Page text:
Irish people need to "stand up for themselves" says Vicky Phelan 2 years ago

Irish people need to "stand up for themselves" says Vicky Phelan

"As a nation, we should start taking control of our health."

Cancer sufferer and health campaigner Vicky Phelan has a simple message for the country: it's time that we stood up for ourselves.


The mum of two became a household name after she bravely refused to sign a gagging order about her medical negligence case – breaking a national scandal out about the cervical cancer screening service in the process. Now, Vicky has documented her battle for justice in her newly-released memoir, Overcoming.

Speaking to Her, Vicky admitted that over a year-and-a-half after she first spoke out, she finds it difficult to hear of fresh revelations and continuing problems with not just the screening but also the wider health service.

"In the grand scheme of things I'd love to see that we had a health service that actually works. That is not two tiered but and will only work for the private patients but will work for the public patients too. Hopefully Sláinte Care will provide that, but I cannot say that I'm very hopeful. We'll see."

Whether recommendations for reports are implemented and Government promises made good or not, Vicky says that the is one simple step that we could take towards having a health service that actually works for its patients.


"Irish people need to stand up for themselves.

"That can start with something as small as asking a question. The amount of people who ask me for advice, then come back to me and say: 'Oh Vicky you'd be so proud of me, I asked my doctor a question.' You might think that's trivial, but the amount of people who don't ask a question – they just go in and the doctor tells them what the treatment plan is, what the drugs they're going on are and barely allows enough time for questions."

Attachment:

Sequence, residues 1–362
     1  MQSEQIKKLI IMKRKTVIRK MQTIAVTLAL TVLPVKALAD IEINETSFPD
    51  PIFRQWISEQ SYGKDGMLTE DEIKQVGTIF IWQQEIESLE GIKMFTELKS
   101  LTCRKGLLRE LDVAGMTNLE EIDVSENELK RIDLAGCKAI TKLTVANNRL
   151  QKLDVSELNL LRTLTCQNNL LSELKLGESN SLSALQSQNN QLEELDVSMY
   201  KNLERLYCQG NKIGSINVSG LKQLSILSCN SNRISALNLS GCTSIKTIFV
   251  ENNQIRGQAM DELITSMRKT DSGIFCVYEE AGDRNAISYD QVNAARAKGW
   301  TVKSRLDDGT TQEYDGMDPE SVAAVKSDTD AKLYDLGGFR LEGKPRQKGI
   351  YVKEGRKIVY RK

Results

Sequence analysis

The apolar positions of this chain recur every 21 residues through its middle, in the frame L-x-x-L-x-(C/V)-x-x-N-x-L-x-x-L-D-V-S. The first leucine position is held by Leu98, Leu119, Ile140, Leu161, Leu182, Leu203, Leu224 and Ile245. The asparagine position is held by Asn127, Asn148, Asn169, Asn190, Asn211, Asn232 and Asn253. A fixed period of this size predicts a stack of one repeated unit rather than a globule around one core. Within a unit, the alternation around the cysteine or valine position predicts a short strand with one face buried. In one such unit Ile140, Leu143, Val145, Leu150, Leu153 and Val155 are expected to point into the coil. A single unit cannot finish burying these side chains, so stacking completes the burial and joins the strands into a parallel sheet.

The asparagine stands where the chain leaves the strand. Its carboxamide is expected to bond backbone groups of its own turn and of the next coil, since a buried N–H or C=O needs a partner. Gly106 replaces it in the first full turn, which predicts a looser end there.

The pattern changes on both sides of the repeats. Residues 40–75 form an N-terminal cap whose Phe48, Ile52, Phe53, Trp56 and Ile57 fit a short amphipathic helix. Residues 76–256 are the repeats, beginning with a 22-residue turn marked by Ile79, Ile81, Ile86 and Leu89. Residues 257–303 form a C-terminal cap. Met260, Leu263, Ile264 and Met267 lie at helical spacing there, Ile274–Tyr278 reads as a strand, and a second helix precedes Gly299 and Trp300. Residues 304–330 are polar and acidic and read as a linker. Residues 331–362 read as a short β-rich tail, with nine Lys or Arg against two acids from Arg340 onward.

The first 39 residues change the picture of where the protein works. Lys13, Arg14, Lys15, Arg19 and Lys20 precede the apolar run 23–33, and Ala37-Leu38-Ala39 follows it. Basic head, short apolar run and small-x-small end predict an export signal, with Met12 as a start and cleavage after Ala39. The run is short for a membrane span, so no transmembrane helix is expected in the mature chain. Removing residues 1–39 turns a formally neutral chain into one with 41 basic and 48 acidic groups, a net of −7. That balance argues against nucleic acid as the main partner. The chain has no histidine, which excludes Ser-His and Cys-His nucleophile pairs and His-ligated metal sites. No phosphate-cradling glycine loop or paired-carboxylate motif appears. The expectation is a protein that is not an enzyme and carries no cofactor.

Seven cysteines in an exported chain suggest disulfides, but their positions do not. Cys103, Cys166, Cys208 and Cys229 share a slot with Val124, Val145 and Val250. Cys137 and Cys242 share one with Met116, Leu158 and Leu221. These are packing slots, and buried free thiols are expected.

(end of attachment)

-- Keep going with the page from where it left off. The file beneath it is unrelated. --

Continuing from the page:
By not just taking everything we are told at face value, we take ownership of our health, Vicky says.

"I think that when we start doing a little more questioning that people will get more confident and they might be more emboldened to ask questions that are difficult.

"That's where I would like to see us going as a nation, that we would start taking control of our health. Until we do that, the medical service and sector in this country is gong to continue on as before. They might not like questions, but I think if more people did it they would have no choice."


You can join Vicky Phelan for live talks, supported by Her, about her remarkable story in Cork and Limerick this month. Tickets are €20 and include a copy of Overcoming.

Overcoming by Vicky Phelan with Naomi Linehan, published by Hachette Ireland, is out now priced €14.99.